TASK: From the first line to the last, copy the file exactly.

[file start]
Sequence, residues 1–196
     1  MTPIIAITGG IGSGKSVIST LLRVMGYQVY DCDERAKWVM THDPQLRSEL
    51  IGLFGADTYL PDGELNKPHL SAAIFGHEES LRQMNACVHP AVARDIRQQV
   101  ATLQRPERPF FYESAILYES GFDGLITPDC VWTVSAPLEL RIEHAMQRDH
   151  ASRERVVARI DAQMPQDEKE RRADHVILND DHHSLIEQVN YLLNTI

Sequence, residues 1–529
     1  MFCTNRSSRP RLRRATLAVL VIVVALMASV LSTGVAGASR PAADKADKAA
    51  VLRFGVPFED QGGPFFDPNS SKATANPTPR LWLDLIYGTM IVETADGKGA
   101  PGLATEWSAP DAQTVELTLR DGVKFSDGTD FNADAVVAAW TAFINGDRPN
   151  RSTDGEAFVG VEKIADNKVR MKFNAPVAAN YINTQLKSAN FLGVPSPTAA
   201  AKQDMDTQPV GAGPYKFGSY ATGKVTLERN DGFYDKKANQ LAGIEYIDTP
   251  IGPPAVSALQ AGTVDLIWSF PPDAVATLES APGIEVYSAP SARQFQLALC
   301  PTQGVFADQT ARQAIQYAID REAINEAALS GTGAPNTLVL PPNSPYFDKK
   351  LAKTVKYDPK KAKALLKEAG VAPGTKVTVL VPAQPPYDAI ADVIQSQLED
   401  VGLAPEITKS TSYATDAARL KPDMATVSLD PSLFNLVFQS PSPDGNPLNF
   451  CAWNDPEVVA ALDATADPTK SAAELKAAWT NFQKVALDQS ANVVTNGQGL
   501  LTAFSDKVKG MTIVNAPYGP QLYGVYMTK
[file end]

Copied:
Sequence, residues 1–196
     1  MTPIIAITGG IGSGKSVIST LLRVMGYQVY DCDERAKWVM THDPQLRSEL
    51  IGLFGADTYL PDGELNKPHL SAAIFGHEES LRQMNACVHP AVARDIRQQV
   101  ATLQRPERPF FYESAILYES GFDGLITPDC VWTVSAPLEL RIEHAMQRDH
   151  ASRERVVARI DAQMPQDEKE RRADHVILND DHHSLIEQVN YLLNTI

Sequence, residues 1–529
     1  MFCTNRSSRP RLRRATLAVL VIVVALMASV LSTGVAGASR PAADKADKAA
    51  VLRFGVPFED QGGPFFDPNS SKATANPTPR LWLDLIYGTM IVETADGKGA
   101  PGLATEWSAP DAQTVELTLR DGVKFSDGTD FNADAVVAAW TAFINGDRPN
   151  RSTDGEAFVG VEKIADNKVR MKFNAPVAAN YINTQLKSAN FLGVPSPTAA
   201  AKQDMDTQPV GAGPYKFGSY ATGKVTLERN DGFYDKKANQ LAGIEYIDTP
   251  IGPPAVSALQ AGTVDLIWSF PPDAVATLES APGIEVYSAP SARQFQLALC
   301  PTQGVFADQT ARQAIQYAID REAINEAALS GTGAPNTLVL PPNSPYFDKK
   351  LAKTVKYDPK KAKALLKEAG VAPGTKVTVL VPAQPPYDAI ADVIQSQLED
   401  VGLAPEITKS TSYATDAARL KPDMATVSLD PSLFNLVFQS PSPDGNPLNF
   451  CAWNDPEVVA ALDATADPTK SAAELKAAWT NFQKVALDQS ANVVTNGQGL
   501  LTAFSDKVKG MTIVNAPYGP QLYGVYMTK